NATIONAL DAY OF PROTEST AGAINST POLICE BRUTALITY
Sat., Oct. 22, 2022
Cambridge City Hall Lawn
Join The Black Response Cambridge for a rally in honor of the National Day of Protest Against Police Brutality. Hear from speakers raising awareness about the history of police violence in America and provide political education around the contemporary abolition movement.
This event is endorsed by the national October 22 Coalition to Stop Police Brutality, Repression and the Criminalization of a Generation. This coalition has been mobilizing October 22 events every year since 1996 for a National Day of Protest against police brutality, bringing together those under the gun and those not under the gun as a powerful voice to expose the epidemic of police brutality.
Our MCs will be Andrew King and Mike Prince.
Speakers will include:
Leslie Credle, Executive Director of Justice for Housing, a member of the #FreeHer Advisory Committee
Kavya Crasta of the Asian American Resource Workshop
Lana Habash, Palestinian Activist
Courtney Foster, an organizer with Defund Newton Police Department
Quinton Zondervan, Cambridge City Council member and activist
Stephanie Guirand, researcher and organizer with The Black Response Cambridge
The event will also include musical performances and questions from the audience, and highlight abolitionist campaigns including:
#UnlocktheBox: The campaign to end solitary confinement
#StopShotSpotter: The campaign to end audio surveillance
S.2030 - An Act establishing a jail and prison construction moratorium in Massachusetts
Building support for alternatives like the development of a community safety program, Cambridge HEART (Holistic Emergency Alternative Response Team)
Event sponsors include Northampton Abolition Now (NAN), Defund Newton PD, Muslim Justice League, Justice for Housing, SURJ Boston, and the Asian American Resource Workshop.
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Kavya Crasta (she/hers) is a queer, South Indian, Brahmin Christian immigrant working to uplift the voices of the most marginalized within the South Asian diaspora and build multi-racial solidarity in the fight for collective liberation. She currently serves as the South Asian Program Coordinator at Asian American Resource Workshop (AARW). She builds programming for primarily queer + trans South Asian youth and young adults in Cambridge & Somerville to learn how to organize in their community. She also works to create caste equity and build a larger community of queer + trans South Asian folks within AARW. She wants to create deeper relationships with amazing organizers in Cambridge & Somerville and work towards building a stronger collective against white supremacy.
Stephanie Guirand (She, her, hers) is a founding member of The Black Response Cambridge, which has convened the participatory action process for developing the Cambridge Holistic Emergency Alternative Response Team (HEART) model. Stephanie is a formerly undocumented immigrant from Haiti and has lived in Cambridge for over 25 years. She identifies as a cis-woman and has a non-visible disability (history of seizures formerly considered epileptic). She likes to go on long hikes.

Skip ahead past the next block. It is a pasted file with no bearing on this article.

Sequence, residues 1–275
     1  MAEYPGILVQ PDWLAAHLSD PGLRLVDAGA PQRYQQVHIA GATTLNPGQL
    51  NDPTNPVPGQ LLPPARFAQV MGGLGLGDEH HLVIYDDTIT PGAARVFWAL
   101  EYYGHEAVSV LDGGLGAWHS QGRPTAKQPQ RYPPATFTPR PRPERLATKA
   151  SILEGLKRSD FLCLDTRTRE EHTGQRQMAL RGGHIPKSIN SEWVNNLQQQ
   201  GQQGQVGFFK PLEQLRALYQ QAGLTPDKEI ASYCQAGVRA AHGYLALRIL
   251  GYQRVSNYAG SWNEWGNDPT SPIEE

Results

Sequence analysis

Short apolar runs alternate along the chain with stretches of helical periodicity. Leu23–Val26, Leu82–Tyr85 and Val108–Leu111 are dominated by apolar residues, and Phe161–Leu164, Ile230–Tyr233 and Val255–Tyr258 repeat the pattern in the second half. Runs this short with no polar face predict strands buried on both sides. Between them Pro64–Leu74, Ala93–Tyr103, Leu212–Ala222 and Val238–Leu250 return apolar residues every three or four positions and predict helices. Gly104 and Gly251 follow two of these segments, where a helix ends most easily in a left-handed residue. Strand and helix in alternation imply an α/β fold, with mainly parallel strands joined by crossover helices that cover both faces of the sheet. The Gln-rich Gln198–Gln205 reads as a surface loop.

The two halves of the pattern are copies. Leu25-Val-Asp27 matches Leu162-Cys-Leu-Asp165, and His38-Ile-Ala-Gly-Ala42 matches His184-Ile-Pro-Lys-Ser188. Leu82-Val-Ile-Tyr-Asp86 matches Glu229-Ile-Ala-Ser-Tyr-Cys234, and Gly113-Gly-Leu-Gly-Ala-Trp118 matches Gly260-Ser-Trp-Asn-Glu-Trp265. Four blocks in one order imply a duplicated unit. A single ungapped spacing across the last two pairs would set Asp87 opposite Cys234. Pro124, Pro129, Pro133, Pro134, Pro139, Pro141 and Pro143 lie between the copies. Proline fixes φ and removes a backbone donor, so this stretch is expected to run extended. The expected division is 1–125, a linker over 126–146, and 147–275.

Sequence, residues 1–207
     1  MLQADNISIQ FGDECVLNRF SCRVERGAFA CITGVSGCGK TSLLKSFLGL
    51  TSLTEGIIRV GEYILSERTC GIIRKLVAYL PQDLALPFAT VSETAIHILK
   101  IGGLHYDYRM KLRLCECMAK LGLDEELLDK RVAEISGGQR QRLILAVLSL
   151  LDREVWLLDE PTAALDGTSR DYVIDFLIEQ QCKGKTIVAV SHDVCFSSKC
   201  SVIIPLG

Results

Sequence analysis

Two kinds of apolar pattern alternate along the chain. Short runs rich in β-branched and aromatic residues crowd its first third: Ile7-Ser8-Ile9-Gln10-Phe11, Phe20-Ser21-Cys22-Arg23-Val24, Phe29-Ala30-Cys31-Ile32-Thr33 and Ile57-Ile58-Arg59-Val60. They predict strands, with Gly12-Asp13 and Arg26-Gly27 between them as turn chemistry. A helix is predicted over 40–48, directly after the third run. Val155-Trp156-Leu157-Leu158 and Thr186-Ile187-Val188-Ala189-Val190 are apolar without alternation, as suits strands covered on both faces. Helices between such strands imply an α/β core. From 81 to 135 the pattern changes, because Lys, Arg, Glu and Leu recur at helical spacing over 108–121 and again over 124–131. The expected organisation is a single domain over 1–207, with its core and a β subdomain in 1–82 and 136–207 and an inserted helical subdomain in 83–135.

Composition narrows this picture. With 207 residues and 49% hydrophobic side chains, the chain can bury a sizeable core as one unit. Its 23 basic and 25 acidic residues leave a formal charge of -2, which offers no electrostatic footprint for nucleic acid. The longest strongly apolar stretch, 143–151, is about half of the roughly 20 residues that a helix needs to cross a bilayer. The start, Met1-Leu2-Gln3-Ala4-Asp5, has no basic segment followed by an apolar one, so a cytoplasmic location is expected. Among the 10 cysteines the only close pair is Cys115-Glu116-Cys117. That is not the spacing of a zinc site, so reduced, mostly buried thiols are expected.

Quinton Zondervan is a committed abolitionist and the only Democratic Socialist on the Cambridge City Council. As chair of the council’s Public Safety Committee, Quinton has championed HEART and supported its development from the very beginning. He is also a fierce advocate for climate justice and for expanding low barrier housing options for unhoused people in our city. Quinton immigrated to the US from Suriname as a teenager before coming to Cambridge to attend MIT. He is currently serving his third term on the council.
Leslie Credle is Justice 4 Housing’s Founder and Executive Director, leading the crusade to dismantle antiquated and discriminatory housing policies that target justice-involved individuals, leading to homelessness, recidivism and the separation of families. Leslie was awarded the 2022 ECHO Green Innovative Leader Fellowship, for creating the Hands-On-Defense model, which mobilizes communities to fight housing injustices. She is also the recipient of the Criminal Justice Policy Coalition’s 2021 Peg Erlanger Leadership Award, presented by Congresswoman Ayanna Presley, and Boston Women’s Foundation’s, Women of Color Leadership Circle’s, 2021 Fellow. Raised in Boston, on the National Council For Incarcerated and Formerly Incarcerated Women and Girls, #FreeHer Advisory Committee,” and Northeastern University Alumni, Leslie became a fierce leader in the movement to end incarceration of women and girls.
Courtney Foster (she/her) of Newton, Massachusetts, is an organizer with DefundNPD, a local abolitionist group founded in Spring 2020 focused on policing and values-based city budgeting in Newton. She is currently a graduate student at the Fletcher School at Tufts University where she is a Student Council representative, and is also an active member of the Sunrise Movement and other local nonprofits and advocacy groups focused on the environment, education, and equity. She continues to be active in local politics in Newton and at the state level in Massachusetts.